There’s been a lot of talk about “aging in place” (aging in place of what?), the concept that instead of reaching an age when you leave your established home of half a century, you can stay right there where you are and deteriorate at your own pace.

When I was a child no one said the words “death” or “died” or “cancer.” Instead we used euphemisms. Like if someone died we’d hear grown-ups say, “ah, poor Bob, he passed away last night,” or “poor Bob, he moved to Philadelphia.”

This trend is an improvement from the old days, when there was an entire glossary of euphemisms for the D word (rhymes with Beth) or the C word (rhymes with dancer). It was accepted that when you reach the point where you’ve seen every episode of “The Lawrence Welk Show” for the third time, you would move into a nursing home awaiting the next Big Step in life (rhymes with Beth).

But now that has changed, thanks in no small part to the baby boomers, now emerging from their Adventures in Real Estate seminars, blinking in the hard light of reality to find themselves the recipients of random acts of kindness, like some adult getting up to offer you a seat on the bus.

How to prepare? Well, here are some tidbits to ease the transition to old age, garnered from years of training to be an old man. Remember, old age isn’t something you get over, like a cold or the flu. It’s what is.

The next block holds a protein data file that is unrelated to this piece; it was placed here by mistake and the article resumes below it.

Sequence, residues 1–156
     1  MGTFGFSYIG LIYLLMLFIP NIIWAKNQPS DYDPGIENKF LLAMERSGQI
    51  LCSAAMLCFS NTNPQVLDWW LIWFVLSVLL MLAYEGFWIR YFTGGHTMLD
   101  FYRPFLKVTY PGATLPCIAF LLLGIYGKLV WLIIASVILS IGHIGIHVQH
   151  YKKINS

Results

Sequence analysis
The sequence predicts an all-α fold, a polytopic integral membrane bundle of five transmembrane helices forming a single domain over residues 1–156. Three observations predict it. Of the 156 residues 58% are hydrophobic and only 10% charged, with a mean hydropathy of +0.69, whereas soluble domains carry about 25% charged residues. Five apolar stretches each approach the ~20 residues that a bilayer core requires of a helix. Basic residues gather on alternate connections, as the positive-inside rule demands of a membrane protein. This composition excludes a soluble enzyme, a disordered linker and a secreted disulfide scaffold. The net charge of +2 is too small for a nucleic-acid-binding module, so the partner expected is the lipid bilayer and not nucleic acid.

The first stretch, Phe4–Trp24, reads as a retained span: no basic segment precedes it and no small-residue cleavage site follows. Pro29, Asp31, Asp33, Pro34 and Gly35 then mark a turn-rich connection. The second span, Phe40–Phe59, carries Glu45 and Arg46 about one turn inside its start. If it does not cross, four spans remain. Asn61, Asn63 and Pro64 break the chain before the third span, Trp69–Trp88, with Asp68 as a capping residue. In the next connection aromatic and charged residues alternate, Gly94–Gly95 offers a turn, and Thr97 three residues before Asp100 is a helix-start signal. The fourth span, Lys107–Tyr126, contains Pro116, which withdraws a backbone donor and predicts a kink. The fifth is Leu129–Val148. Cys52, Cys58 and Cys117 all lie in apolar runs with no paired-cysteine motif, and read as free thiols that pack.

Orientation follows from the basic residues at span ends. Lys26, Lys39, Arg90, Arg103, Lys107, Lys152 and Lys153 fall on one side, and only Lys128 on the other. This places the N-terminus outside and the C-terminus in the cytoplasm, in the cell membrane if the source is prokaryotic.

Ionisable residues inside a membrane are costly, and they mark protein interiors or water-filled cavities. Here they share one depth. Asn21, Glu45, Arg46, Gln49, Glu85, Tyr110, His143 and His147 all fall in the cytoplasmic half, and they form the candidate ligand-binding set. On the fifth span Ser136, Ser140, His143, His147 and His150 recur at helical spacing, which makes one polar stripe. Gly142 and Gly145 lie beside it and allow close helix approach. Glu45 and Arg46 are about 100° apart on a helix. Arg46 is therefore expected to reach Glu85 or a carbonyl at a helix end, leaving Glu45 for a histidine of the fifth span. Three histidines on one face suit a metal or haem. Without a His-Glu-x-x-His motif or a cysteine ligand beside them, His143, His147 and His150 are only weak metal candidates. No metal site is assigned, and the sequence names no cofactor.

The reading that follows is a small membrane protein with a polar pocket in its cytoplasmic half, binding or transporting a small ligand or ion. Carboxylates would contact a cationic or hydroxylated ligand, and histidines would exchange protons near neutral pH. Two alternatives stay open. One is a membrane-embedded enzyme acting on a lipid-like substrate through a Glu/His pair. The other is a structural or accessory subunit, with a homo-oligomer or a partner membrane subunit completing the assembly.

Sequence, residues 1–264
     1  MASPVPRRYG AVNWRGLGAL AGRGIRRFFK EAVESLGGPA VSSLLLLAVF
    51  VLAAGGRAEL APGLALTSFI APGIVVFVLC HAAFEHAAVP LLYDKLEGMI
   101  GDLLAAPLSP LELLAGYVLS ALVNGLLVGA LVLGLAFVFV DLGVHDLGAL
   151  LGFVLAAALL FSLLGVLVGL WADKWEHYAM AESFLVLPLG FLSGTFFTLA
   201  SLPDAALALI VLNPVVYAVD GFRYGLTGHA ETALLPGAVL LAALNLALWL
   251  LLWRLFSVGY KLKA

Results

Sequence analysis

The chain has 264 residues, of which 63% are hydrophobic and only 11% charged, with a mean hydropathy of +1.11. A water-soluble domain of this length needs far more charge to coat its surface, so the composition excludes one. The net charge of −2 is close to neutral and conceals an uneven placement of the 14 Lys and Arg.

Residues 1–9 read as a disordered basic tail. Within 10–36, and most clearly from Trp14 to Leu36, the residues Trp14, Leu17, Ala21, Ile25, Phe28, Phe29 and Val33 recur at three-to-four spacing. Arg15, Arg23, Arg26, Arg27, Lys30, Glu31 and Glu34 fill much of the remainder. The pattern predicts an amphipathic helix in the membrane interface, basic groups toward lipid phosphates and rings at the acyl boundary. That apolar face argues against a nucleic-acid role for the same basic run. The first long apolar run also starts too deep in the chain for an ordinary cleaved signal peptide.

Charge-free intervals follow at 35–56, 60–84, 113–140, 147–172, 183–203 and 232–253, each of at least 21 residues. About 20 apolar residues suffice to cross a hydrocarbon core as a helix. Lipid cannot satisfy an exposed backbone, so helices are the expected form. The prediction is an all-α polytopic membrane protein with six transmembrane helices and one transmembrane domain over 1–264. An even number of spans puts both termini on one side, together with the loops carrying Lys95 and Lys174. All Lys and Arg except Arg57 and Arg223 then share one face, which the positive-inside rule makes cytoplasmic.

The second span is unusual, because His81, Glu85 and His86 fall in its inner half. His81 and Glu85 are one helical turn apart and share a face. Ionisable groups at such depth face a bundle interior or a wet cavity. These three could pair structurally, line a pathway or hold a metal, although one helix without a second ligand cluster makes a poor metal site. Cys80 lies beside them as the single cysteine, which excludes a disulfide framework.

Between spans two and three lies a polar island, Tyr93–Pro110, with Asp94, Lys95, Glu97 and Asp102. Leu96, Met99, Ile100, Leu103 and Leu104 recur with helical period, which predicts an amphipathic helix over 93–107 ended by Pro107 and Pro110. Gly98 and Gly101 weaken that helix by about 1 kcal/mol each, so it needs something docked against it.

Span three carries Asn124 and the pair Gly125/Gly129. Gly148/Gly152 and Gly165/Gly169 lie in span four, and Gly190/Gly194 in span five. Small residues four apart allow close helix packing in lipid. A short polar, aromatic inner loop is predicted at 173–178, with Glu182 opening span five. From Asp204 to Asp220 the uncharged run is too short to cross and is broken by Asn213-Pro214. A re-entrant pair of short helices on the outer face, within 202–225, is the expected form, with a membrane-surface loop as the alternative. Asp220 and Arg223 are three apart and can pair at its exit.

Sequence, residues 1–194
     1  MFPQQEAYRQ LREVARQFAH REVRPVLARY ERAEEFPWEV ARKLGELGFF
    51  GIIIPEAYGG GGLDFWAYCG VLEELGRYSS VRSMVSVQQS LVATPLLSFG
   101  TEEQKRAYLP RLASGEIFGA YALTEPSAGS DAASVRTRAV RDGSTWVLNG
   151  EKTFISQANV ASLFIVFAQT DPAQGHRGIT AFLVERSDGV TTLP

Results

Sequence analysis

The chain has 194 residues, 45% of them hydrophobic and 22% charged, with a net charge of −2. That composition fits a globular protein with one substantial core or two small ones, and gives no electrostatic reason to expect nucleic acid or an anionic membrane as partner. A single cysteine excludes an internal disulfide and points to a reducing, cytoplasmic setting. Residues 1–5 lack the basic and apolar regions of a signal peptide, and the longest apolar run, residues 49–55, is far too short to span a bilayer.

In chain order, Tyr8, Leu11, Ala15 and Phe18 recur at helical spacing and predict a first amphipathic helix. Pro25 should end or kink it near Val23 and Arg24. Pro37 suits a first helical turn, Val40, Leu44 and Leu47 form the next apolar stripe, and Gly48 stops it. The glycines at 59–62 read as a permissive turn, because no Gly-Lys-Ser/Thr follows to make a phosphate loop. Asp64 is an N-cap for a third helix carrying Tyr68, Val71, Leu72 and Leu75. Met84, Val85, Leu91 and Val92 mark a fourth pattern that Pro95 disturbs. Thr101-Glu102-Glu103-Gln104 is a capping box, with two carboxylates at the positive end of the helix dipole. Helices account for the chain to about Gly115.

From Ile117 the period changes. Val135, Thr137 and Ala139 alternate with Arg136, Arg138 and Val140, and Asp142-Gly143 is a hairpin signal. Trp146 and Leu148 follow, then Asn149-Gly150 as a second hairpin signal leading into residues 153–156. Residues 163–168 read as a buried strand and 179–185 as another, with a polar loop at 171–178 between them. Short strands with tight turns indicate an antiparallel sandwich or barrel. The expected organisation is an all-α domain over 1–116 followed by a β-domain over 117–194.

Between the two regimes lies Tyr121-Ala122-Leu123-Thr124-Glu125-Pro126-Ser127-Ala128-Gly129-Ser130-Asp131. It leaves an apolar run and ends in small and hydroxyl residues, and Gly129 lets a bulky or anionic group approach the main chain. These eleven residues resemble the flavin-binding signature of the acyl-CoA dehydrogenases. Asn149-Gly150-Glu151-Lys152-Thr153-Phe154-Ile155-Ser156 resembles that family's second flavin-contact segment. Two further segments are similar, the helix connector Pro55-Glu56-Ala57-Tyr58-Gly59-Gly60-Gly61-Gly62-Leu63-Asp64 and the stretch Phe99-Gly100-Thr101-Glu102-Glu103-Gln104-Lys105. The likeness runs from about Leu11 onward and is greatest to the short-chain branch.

• First thing in the morning, after putting in your dentures, get into your parked car and turn the right turn signal on and leave it on all day.

• The right posture for driving is to lean forward so your chin is over the steering wheel and both hands are on the wheel and you are about to make a right turn as soon as the street appears.

• There are skilled tailors who can alter every pair of pants you own so the waistband will come up to just under your armpits.

• Wear extra long shirts so the exposed shirt tail hides the gaping fly left open.

• Once you turn 70, bodily functions are a perfectly acceptable topic for conversation. But avoid such conversations during meal times.

• Try to get used to the fact that compared to people of middle and young ages, you are slowing down and the world isn’t waiting for you to tie your shoes or decide which plaid pants match those striped shirts.

• Yes, times have changed, especially if you are thinking of taking a trip. Instead of the old way of visiting a travel agent (remember them?) to make airline and hotel reservations, find a teenager with a cell phone and you’ll get a good deal in minutes.

• If you’re older than 70, you should really think twice about keeping your hair in a ponytail (see “The Truth about Comb-Overs” in the AARP Bulletin.)

Bob Kalish observes life from a placid place on the island of Arrowsic (motto: You’re not in Georgetown yet). You can reach him at [email protected].

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